How much of a priority is leadership training and development in your business this year?
We ask the question, because although we are all experiencing a tough economic climate, investment in leadership development and training will pay dividends. Training and development does not simply equip managers with new skills – training and development has been widely shown to improve the motivation and engagement of managers too. Clearly, more motivated managers are a better position to motivate their staff, which will have a positive effect on morale, engagement, satisfaction and personal performance. More highly engaged and better performing staff will ultimately impact positively on the financial performance of the business – a real case of ‘win-win’.
However, before any investment is made it is vital to first consider what business needs are to be addressed by the training, and how the outcomes will be measured.
For example, if the business is growing rapidly, managers are likely to need a different set of skills and behaviours to those working in a business that is in a process of retrenchment and restructuring.
Once the skills and behaviours needed by the business have been identified, a programme of interventions can developed that will equip the different levels of leader within the business with the much needed new skills and behaviours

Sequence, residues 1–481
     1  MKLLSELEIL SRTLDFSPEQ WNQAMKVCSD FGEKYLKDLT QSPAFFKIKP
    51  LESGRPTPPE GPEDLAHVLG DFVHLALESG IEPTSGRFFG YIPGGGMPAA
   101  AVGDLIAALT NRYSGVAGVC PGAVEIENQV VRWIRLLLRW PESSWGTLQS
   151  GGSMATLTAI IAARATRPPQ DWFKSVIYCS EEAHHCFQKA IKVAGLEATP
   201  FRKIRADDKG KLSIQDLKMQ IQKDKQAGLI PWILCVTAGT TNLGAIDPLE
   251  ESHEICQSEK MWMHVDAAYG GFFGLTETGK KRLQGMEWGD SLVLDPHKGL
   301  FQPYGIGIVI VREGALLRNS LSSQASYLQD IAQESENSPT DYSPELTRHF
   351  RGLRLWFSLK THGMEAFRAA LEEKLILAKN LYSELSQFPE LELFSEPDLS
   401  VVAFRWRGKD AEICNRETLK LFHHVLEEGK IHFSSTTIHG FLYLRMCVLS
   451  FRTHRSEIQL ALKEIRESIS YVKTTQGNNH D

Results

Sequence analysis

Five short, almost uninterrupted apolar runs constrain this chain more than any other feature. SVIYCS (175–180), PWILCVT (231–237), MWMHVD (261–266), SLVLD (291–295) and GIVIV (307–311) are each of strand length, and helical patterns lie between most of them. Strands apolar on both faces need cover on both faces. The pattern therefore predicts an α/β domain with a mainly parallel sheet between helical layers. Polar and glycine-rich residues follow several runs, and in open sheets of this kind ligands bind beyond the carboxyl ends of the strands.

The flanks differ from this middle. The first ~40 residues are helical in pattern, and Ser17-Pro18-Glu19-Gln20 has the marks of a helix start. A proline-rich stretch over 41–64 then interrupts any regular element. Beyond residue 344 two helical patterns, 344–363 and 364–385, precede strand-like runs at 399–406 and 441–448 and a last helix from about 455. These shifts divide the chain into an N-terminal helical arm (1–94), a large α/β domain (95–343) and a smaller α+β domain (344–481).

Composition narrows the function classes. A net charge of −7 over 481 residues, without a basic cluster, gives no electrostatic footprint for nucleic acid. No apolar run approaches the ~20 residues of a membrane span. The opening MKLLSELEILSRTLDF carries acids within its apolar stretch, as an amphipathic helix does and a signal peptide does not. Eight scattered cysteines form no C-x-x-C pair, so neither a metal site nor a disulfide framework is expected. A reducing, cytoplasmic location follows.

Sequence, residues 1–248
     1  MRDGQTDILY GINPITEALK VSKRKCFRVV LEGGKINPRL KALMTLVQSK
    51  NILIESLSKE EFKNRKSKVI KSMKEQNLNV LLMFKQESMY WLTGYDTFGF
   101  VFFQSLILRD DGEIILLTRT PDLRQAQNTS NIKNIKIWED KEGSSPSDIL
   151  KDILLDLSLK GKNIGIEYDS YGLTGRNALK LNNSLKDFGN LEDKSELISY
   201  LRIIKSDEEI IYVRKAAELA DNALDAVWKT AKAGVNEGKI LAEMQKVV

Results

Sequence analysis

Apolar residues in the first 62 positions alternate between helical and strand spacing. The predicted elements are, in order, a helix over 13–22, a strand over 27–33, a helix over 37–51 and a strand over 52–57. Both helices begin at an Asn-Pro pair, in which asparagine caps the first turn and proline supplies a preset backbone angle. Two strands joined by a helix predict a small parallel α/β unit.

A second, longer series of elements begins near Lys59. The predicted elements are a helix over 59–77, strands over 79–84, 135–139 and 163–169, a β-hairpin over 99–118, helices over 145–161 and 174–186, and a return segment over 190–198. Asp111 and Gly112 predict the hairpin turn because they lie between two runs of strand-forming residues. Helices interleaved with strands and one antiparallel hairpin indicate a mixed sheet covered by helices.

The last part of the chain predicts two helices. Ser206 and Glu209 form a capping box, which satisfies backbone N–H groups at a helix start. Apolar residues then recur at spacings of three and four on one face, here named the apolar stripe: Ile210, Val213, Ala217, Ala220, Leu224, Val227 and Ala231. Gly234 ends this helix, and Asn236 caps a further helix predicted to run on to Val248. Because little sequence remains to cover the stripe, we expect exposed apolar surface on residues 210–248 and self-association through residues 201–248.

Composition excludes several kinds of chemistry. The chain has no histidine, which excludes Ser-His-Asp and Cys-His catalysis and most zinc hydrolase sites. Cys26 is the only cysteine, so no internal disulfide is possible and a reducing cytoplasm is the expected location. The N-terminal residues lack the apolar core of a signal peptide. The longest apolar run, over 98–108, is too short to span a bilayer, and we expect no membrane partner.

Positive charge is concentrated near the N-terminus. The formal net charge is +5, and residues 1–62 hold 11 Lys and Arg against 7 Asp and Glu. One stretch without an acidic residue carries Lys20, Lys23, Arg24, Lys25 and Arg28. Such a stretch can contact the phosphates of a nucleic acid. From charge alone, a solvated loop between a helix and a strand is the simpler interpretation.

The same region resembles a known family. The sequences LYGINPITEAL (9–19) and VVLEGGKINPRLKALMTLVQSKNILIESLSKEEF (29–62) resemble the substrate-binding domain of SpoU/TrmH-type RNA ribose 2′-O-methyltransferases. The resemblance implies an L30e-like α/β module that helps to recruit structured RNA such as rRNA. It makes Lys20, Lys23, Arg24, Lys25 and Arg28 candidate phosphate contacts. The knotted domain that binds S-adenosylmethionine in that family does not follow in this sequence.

Consideration should given as to whether the interventions are best delivered to teams of managers from across the business, or whether a modular programme is more appropriate which managers can ‘buy into’ where they have an identified need
Also, it is important to recognise that some managers may have specific development needs that are best addressed via 1 to 1 support either from their line manager, a mentor or perhaps an external coach.
The timing of the leadership programme is key too. If the business tries to force it into a manager’s schedule at a particularly busy time of year (e.g. in the rush up to Christmas), then it is likely to be resisted at best or rejected at worst.
It is also critical to ensure that mechanisms are in place to reinforce the managers learning and help them to put into practice what they have learned.
Finally, once complete the business should evaluate what impact the programme has had on each of the managers’ skills, performance and behaviour and how that has benefitted the business.